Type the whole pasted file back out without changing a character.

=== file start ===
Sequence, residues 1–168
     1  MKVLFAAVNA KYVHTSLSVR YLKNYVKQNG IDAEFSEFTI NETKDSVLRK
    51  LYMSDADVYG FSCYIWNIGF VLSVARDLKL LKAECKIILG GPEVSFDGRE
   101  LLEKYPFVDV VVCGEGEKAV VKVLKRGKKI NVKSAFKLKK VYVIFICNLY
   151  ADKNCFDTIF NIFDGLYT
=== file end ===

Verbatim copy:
Sequence, residues 1–168
     1  MKVLFAAVNA KYVHTSLSVR YLKNYVKQNG IDAEFSEFTI NETKDSVLRK
    51  LYMSDADVYG FSCYIWNIGF VLSVARDLKL LKAECKIILG GPEVSFDGRE
   101  LLEKYPFVDV VVCGEGEKAV VKVLKRGKKI NVKSAFKLKK VYVIFICNLY
   151  ADKNCFDTIF NIFDGLYT